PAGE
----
Are Store Credit Cards Worth It?

Since my recent move, I have been up to my ears in new purchases (or so it feels), so who can blame me for trying to defray these costs a bit? One such way was to open up a credit card at the department store where I bought my new mattress. Whether or not this was a good move, really depends on how well I pay attention to when the promotional period (10 months) ends. If I don't, there's a great chance that I end up scrapping any savings I might have had. The Fool's article on the very subject tells even more things to watch out for and whether or not opening a store credit card might be a good idea for you.

Spring has officially arrived, heralding the season of home improvement projects, yard work, and home organizing. Not so coincidentally, you'll notice teaser rates on store credit cards popping up all around you, especially from retailers like Home Depot and Lowe's. But they aren't making these offers out of generosity; teaser rates make the store money, often at substantial cost to you.

The Promises
You've seen the compelling promises: "0% interest for 12 months," or "No payments until 2008." Both imply that you get to borrow money from them free for a year. Is that brilliant marketing or what? The trouble is that what makes fabulous advertising copy often involves obfuscating the truth. The reality is that one little slip -- like forgetting when your promotional offer ends -- can leave you owing the original amount plus huge interest payments backdated to your date of purchase.

The Pitfalls

-- Confusing these two types of offers. With 0% interest offers, you are typically obligated to make minimum payments during the "no interest" periods; if you miss a minimum payment, say goodbye to the interest-free grace period. You'll be stuck paying off the balance with a high interest rate to boot. With "no payment" offers, you're not required to make payments for a certain time, but if the balance is not paid in full by the end of the promotional period, you'll owe all that backdated interest on top of the purchase price.

-- Purchasing extra stuff to reach the minimum purchase requirement. Don't convince yourself you are "saving" money with one of these offers if it means you buy a higher-priced item to qualify for the deal, pad your shopping basket with unnecessary purchases, or spend more than you can afford.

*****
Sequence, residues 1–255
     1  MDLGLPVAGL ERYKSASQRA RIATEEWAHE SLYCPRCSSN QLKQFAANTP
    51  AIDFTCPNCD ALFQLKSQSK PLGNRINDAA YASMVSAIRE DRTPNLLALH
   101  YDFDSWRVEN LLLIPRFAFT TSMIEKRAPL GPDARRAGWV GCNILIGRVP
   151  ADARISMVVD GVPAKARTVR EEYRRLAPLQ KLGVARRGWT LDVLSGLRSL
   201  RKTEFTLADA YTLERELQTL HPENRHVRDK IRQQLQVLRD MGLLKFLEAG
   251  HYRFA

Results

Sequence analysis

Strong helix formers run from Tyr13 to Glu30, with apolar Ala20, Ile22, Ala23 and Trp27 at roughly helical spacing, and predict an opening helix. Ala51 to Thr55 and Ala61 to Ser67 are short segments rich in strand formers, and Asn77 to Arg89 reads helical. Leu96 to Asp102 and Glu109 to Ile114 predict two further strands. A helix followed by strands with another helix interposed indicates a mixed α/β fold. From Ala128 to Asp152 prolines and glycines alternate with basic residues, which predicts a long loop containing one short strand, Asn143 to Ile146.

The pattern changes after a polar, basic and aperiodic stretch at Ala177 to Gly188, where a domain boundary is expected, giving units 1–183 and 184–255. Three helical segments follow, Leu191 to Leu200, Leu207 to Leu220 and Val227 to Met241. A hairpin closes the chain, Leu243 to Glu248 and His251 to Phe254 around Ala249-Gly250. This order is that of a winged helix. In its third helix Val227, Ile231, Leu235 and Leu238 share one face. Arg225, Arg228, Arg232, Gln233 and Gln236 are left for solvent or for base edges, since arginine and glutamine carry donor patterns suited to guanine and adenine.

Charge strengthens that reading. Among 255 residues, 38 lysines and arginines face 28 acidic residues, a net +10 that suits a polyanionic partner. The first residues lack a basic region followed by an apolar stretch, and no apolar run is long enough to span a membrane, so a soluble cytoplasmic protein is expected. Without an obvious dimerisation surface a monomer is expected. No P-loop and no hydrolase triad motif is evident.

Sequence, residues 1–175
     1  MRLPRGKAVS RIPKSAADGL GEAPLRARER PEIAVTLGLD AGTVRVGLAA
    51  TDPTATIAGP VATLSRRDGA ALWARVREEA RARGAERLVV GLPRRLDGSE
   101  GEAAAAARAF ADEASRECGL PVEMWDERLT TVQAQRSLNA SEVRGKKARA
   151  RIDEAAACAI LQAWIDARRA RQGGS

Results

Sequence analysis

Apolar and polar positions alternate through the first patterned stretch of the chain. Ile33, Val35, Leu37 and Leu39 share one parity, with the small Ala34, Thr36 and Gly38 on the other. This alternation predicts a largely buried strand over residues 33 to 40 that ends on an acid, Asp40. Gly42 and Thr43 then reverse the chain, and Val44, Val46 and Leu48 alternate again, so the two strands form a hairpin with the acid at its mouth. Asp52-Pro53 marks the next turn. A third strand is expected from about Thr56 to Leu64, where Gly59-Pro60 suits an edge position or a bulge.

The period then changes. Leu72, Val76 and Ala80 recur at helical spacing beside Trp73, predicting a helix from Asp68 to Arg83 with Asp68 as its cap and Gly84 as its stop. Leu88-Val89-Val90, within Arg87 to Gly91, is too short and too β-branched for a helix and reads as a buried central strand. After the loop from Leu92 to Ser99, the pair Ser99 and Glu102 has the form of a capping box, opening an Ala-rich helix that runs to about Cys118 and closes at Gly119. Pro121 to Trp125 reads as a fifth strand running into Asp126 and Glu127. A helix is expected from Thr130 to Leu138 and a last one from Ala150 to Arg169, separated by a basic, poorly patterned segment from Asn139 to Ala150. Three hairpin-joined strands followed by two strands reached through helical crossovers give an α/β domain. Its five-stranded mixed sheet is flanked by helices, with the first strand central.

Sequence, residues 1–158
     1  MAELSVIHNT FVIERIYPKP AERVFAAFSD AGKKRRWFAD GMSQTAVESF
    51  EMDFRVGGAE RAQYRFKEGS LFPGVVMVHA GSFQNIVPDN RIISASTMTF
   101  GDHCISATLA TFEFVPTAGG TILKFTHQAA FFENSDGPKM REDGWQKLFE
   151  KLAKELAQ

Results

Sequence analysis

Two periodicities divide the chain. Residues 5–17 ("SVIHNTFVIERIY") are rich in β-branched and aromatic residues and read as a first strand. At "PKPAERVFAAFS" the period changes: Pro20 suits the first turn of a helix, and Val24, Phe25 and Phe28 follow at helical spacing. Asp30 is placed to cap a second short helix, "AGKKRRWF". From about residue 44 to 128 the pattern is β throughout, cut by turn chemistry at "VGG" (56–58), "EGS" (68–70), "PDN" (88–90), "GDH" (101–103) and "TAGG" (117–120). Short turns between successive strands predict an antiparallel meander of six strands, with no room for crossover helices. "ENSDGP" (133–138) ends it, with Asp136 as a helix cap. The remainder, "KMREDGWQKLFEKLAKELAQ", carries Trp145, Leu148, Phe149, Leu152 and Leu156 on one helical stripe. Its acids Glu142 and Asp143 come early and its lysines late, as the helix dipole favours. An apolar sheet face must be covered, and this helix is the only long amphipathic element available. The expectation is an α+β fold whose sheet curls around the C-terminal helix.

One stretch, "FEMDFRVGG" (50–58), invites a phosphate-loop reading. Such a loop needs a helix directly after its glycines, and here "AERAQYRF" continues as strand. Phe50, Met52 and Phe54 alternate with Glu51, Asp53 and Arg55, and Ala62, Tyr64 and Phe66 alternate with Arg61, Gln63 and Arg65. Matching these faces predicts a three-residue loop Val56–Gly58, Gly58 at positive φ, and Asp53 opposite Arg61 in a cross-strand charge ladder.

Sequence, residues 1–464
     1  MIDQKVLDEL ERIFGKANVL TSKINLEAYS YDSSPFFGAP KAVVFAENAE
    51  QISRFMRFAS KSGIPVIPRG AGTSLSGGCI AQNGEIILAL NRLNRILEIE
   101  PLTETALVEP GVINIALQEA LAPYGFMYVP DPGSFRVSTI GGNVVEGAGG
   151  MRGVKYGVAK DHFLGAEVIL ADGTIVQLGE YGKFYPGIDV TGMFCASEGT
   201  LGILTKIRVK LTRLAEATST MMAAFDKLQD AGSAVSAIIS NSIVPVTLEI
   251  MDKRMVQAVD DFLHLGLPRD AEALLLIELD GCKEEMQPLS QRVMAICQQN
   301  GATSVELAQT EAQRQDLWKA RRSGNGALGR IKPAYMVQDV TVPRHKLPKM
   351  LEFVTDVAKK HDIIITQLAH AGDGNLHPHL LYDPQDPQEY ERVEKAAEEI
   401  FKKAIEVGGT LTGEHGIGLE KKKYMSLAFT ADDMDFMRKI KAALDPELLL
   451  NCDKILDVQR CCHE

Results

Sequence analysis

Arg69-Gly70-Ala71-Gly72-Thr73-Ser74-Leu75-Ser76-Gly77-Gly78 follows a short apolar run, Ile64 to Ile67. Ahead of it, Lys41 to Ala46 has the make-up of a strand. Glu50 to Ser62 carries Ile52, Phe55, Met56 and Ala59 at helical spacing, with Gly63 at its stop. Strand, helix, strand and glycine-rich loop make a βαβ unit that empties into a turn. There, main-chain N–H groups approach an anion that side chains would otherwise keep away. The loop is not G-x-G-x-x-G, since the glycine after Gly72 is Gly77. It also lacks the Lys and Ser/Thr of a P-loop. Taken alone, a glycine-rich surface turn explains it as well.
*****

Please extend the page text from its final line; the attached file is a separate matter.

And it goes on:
-- Forgetting when time is up. It's easy to remember when your interest-free period is up because the credit card company will send you regular statements, right? Not necessarily. You may receive no statements during the promotional period at all; the first notice you may receive from the company, beyond the original cardholder agreement, is a nice, big, juicy bill.

-- Failing to read the fine print. In addition to all the other nasty little details, you'll want to check to see whether your store credit card agreement includes a universal default clause. A universal default clause is a scary bit of wording that stipulates that even if you're in decent standing with your store credit card, late payments on other financial obligations can allow the store credit card lender to raise your rates. Sometimes the rate hikes are exorbitantly high. Yikes.

-- Not thinking about your credit score. Your credit score may be negatively affected if you trigger the universal default clause or simply because you're carrying a balance. A mark on your credit could pack a big punch, especially if you anticipate a large purchase (e.g., a home) anytime soon.

When You Should Go for It
Stores keep offering these deals because most folks simply don't pay off their balance before the teaser rate ends, which means a huge windfall for lenders and retailers. But if you're disciplined about money and organized enough to keep track of when your teaser rate ends, then you may be able to put these deals to work for you. Pay off your balance in full by the end of your promotional period and you will have outfoxed the fox.